P2P Lenders Draw A Parallel Banking Industry Amid Covid-19 Crisis

  • Jun 24, 2020 BST
  • Team Kalkine
P2P Lenders Draw A Parallel Banking Industry Amid Covid-19 Crisis

Summary

  • P2P Lender Zopa Group to enter mainstream banking landscape in the United Kingdom
  • Zopa Bank to offer deposit accounts and credit cards
  • The banking products and services would be backed by FSCS

One of the oldest P2P (peer-to-peer) lenders, Zopa Group was recently granted a full banking license by the UK’s Financial Conduct Authority (FCA). The Fintech Group would be marketing its banking products and services through its digital platform.

Technological advancements have bridged the gap between lenders and borrowers. The banks have literally lost their monopoly position and are getting competition from other corners. The emergence of this sector would certainly disrupt the banking sector operations, at least to some extent.

Couple of years ago, the emergence of cryptocurrencies also posed a grave threat to the banking sector with the concept of a global currency. However, with passage of time, cryptocurrencies started to be looked upon as a mere investment vehicle by the people. 

The Fintech Group would offer banking services as a separate vertical under the name Zopa Bank, in contrast to its existing P2P lending services. The offerings of the new bank would be backed by the FSCS (Financial Services Compensation Scheme) scheme, which is a statutory deposit insurance and investors’ compensation scheme. Zopa Bank would deploy its own proprietary technology to offer savings accounts, credit cards, personal loans, money management tools and P2P investment products.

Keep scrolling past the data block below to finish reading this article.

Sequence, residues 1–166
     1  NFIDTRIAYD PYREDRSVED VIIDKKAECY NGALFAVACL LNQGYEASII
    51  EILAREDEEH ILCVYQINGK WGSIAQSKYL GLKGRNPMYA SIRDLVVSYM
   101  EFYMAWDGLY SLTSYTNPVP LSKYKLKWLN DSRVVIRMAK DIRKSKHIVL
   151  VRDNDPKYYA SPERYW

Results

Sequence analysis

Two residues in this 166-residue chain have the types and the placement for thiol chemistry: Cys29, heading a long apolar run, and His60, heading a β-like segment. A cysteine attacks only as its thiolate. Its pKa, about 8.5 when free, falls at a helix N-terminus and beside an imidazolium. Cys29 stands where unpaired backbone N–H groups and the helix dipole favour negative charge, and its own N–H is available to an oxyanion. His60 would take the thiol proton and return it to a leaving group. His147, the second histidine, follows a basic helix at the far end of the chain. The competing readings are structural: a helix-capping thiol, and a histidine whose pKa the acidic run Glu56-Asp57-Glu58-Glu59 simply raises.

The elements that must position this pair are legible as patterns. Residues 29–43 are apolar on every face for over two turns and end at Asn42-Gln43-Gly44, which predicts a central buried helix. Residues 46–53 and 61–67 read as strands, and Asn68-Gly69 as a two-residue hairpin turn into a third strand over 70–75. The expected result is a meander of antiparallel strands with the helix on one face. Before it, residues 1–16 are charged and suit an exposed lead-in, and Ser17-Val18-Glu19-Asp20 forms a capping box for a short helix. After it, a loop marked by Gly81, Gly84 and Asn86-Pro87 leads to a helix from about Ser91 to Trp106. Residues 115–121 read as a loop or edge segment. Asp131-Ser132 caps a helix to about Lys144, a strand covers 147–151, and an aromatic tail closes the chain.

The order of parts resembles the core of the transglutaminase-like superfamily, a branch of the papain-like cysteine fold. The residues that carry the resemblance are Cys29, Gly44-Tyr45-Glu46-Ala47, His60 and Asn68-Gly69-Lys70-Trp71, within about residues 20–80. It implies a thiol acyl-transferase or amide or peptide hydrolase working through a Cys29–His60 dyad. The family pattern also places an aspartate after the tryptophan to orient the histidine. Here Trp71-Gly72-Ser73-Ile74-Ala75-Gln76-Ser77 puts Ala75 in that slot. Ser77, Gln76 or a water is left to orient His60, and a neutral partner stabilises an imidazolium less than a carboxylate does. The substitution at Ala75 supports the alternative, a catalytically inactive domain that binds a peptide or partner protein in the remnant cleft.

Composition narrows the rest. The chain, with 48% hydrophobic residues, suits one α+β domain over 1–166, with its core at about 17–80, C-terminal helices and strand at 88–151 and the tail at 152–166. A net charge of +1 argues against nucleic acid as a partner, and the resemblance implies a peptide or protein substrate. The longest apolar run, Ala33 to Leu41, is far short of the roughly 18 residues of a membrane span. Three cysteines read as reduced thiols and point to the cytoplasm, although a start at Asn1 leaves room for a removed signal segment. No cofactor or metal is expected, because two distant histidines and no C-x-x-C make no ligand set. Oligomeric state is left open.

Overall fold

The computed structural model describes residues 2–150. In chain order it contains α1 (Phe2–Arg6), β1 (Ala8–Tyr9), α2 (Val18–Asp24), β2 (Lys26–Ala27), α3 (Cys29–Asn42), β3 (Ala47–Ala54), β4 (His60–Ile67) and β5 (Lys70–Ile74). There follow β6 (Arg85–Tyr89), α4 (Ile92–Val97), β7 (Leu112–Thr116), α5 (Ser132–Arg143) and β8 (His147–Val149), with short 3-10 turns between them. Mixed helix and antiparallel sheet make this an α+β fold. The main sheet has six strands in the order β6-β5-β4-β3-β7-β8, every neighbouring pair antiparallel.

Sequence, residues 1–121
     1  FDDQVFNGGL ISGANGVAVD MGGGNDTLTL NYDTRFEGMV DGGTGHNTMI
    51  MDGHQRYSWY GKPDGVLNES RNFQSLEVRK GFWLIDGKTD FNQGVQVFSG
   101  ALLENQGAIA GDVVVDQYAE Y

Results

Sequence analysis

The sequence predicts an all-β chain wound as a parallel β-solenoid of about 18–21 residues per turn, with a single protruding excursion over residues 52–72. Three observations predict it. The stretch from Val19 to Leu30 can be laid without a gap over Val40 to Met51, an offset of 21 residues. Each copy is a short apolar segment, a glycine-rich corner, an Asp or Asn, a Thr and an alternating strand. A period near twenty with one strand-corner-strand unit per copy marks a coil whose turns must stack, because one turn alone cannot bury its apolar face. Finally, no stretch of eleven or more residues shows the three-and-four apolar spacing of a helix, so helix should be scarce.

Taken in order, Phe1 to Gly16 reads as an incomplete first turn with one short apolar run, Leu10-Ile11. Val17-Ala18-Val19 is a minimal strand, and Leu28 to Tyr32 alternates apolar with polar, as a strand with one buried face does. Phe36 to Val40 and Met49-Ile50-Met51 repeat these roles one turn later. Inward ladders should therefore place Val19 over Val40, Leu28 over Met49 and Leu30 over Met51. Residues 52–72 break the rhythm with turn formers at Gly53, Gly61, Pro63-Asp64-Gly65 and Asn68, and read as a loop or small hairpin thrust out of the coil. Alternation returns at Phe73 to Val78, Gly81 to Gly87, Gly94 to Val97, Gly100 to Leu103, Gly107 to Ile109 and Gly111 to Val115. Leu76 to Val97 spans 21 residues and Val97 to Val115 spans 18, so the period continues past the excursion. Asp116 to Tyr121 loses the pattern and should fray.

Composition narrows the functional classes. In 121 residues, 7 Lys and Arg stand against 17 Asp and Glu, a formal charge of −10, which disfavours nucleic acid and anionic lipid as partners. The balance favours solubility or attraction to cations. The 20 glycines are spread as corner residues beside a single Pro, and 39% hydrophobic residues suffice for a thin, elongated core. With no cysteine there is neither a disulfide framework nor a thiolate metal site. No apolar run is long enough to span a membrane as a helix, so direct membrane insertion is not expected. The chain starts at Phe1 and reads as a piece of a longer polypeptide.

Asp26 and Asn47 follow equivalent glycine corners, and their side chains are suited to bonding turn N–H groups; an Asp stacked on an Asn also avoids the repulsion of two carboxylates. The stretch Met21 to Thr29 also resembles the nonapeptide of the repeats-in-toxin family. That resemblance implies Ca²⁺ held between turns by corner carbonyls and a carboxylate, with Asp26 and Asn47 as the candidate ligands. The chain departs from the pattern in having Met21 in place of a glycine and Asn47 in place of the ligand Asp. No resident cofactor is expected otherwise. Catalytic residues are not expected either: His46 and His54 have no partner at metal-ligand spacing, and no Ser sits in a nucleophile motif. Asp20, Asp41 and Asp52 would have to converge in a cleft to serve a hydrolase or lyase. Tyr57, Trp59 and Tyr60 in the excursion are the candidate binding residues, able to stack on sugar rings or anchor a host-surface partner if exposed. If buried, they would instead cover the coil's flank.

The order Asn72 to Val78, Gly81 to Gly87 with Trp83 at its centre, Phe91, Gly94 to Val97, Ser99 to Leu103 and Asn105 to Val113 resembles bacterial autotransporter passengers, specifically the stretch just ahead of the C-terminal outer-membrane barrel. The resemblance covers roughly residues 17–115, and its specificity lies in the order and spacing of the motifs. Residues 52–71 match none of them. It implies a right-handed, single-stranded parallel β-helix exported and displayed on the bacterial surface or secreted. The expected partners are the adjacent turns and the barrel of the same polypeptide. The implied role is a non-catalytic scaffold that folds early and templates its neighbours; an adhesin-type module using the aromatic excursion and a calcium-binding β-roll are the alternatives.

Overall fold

According to Zopa Group, a significant chunk of UK’s population struggled for banking services and investment guidance during the unprecedented crisis induced by the novel coronavirus. Zopa Group aims to fill this gap through is technology powered delivery model.  

Zopa Group, the pioneer in P2P lending services, acquired a provisional banking license, way back in 2018. The P2P lender provides around one billion pounds of personal loans through its online platform every year. UK is one of the biggest P2P banking markets in the European region. There are many other P2P lenders in the UK market such as Loanpad, CapitalRIse, Landlordinvest, and a few others.

Zopa Group started in 2005 as a P2P lender. In a P2P framework, lenders can lend money to borrowers without any intermediary or a financial institution. This lending is facilitated through online platforms. Both secured and unsecured loans are offered under this framework. The platform assesses the risk of the borrower through the online loan application made by the applicant and is assigned with the appropriate interest rate as per his credit rating. Upon successful validation and approval of the loan application, the borrower gets access to potential investors or lenders.

P2P lending has its own advantages. In most of the cases, P2P provides higher returns to lenders in comparison to other debt instruments. P2P lending has a deeper penetration in comparison to conventional purpose driven loans offered by the banks. It is easy for the borrowers with lesser credit score or financially excluded people to avail loans under the P2P framework. Zopa Group aims to cater to this segment of the population.

However, P2P investments are subjected to much higher credit risk in comparison to conventional debt instruments. Since there is no financial intermediary in between, the lender should be aware of the default probability of the borrower.